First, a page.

Now the second challenge was the filling, which my friend makes ’60/40′,  meaning 6 parts potato to 4 parts cheese. I decided to try substituting the cheese with soy yogurt and again: bullseye!img_1789Together, dough and filling form delicious vegan pierogi, which I feel are in no way inferior to the original. My Polish friend, who introduced me to pierogi, agrees. 🙂 img_1792A note on how you cook these: you can boil, bake or fry them (and steam, I’ll bet). I tend to go for healthy options when it comes to food, but I really feel these are best when fried in oil, like I’ve done here.img_1800

Makes about 30 pierogi


For the filling
1 kg potatoes, peeled and cut into even-sized chunks
2 onions, finely chopped
200 g soy yoghurt (I think oat yogurt would also work, but it might need a squeeze of lemon juice, as it’s a bit sweeter)
salt, plenty of (to taste)
pepper, not too much (to taste)

For the doughimg_1808500 g all-purpose flour
1 level tsp fine salt
2 tbsp flavourless vegetable oil (I used rice bran)
90 ml/6 tbsps aquafaba (simply pour straight from a tin of chickpeas into a measuring cup)
160 ml water

I start by making the filling (but feel free to start with the dough, it needs resting).
– Boil the potatoes for 15/20 minutes, until cooked through.
– Meanwhile, fry the onion in a bit of oil until slightly brown around the edges. Set aside.
– When the potatoes are cooked, drain well and mash with the soy yogurt, salt and pepper.
– Stir the fried onions into the filling mixture.
– Check seasoning (it should be a quite salty, imo) and set aside, covered.

I use my standing mixer for the dough, but you can also make it by hand
– Put the flour and salt in the bowl of the mixer.
– Combine aquafaba and water. I put the AF in a jug, then top up with water to the 250 ml mark.
– Using the paddle attachment, mix flour and salt.
– Leave the machine running while you add the oil and then gradually pour in the AF/water mixture. The dough should just come together. Add a sprinkling of water if it doesn’t, but not too much(!); it should not be as wet as bread dough.
– Replace the paddle with the dough hook and knead the dough for 5 minutes.
– Once kneaded, cover the bowl and let the dough rest for 30 minutes.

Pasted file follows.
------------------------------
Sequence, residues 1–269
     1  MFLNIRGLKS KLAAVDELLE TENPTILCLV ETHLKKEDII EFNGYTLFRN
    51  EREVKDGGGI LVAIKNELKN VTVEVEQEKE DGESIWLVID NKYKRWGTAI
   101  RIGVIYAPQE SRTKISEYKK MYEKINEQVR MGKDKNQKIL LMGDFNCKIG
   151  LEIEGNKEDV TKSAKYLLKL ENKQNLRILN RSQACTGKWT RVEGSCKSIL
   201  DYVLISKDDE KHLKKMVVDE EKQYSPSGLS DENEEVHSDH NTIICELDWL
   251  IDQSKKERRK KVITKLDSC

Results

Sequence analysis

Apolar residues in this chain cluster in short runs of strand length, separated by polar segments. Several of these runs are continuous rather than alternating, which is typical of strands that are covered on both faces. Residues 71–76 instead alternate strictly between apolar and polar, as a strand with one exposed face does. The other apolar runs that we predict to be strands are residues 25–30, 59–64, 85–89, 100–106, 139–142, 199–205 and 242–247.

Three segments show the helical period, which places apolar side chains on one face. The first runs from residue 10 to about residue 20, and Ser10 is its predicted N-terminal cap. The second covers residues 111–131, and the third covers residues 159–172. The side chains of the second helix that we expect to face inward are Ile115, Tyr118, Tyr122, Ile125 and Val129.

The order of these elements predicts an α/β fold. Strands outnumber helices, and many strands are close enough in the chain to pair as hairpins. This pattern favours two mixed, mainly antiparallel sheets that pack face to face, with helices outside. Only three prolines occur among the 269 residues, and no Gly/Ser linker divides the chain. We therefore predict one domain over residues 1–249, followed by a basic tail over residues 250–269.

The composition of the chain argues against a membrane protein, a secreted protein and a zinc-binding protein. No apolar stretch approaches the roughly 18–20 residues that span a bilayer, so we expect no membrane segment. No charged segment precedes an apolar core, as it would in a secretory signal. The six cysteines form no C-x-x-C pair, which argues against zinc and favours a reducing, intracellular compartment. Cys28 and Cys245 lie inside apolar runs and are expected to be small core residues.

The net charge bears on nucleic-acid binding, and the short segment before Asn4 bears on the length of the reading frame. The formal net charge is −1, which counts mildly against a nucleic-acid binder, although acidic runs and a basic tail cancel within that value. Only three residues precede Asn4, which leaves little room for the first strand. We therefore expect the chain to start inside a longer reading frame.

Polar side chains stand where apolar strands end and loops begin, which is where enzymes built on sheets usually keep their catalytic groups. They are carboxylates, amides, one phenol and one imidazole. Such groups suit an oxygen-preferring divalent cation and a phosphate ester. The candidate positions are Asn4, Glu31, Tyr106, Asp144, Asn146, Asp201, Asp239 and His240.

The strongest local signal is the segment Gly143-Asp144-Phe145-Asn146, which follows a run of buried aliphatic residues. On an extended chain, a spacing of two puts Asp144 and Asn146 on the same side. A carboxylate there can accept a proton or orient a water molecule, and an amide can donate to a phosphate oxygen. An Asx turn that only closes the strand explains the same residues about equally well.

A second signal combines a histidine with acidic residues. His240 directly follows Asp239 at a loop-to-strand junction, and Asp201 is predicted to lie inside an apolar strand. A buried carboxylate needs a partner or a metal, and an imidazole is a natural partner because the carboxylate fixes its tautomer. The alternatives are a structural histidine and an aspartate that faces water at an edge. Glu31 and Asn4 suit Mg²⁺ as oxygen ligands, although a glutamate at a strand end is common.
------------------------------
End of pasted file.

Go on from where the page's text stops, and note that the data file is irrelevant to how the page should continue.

– Take a clump of dough (about 22 g), flatten it into a disc and roll out to about 10 cm on a (very) lightly floured surface. Put a teaspoon of filling in the middle of the disc.
– Pick up the disc with the filling on it and, using your fingertips, gently pull the dough over the filling and pinch it shut (think pasty, empanada, etc.). Then take a 6 cm round ravioli cutter or a glas with a 6 cm diameter and cut the edges off your dumpling, creating a neat pierogi that won’t open while you cook it. (see photos).
– Heat a layer of oil in a wide frying pan and put in half a batch (about 15) of pierogi. Fry for a few minutes until golden, flip and fry for a few more minutes.
– Take the pierogi out of the pan and drain on kitchen towel before serving.

A Vegan Plan B

img_1069You forgot to buy an essential ingredient, the evening didn’t go as you had planned, you screwed up the dinner you were going to cook, or you simply can’t be asked. Let’s face it, cooking is part of life and, as such, doesn’t always work out the way you’d like (while at other times it’s so much better than you’d ever hoped). So you need a Plan B; a meal that you can throw together in no time at all, is tasty and prevents you from ordering out.

As a vegetarian (and probably even as an ominvore before that), my Plan B usually involved two eggs, a frying pan and two slices of bread. With eggs off the menu, I had to find something different but preferably similar for those times when I need a quick and easy meal. So I give you the vegan omelette, made with a chickpea flour batter. Of course I don’t claim to have invented this dish (plenty of versions of it on the Internet), but this is my take on it.

I’ve used mushrooms, onion and pepper here, but you can of course use any (left-over) veg you’d like. You could also add dried or fresh, chopped herbs to the batter.


5 medium mushrooms, halved, each half chopped into 6 pieces (but depending on the shape and size of the mushrooms)
½ large onion, finely chopped
½ red pepper, (sort of) finely chopped
garlic oil

For the batter
50 g chickpea flour
½ tsp baking powder
1 heaped tbsp nutritional yeast
salt and pepper, to taste
anywhere between 70-90 mls of water (or more, depending on your flour. You’ll want it to resemble a pancake batter, so you can pour it into the pan)
flavourless vegetable oil


– In a medium-sized skillet, fry the veg in the garlic oil till cooked.
– Meanwhile, mix all the dry ingredients for the batter in a bowl (don’t add the water yet).
– Put the cooked vegetables on a plate and set aside.
– While heating the flavourless oil in the same pan, make the batter by adding the water and whisking.
– Pour it into the pan and quickly spread it out by turning the pan this way and that.
– Now, also quickly, distribute the vegetables over the omelette.
– Turn the heat down to low and cook for 5 minutes.
– Slide it out of the pan (the edges may stick a bit, gently loosen them with a spatula) and eat.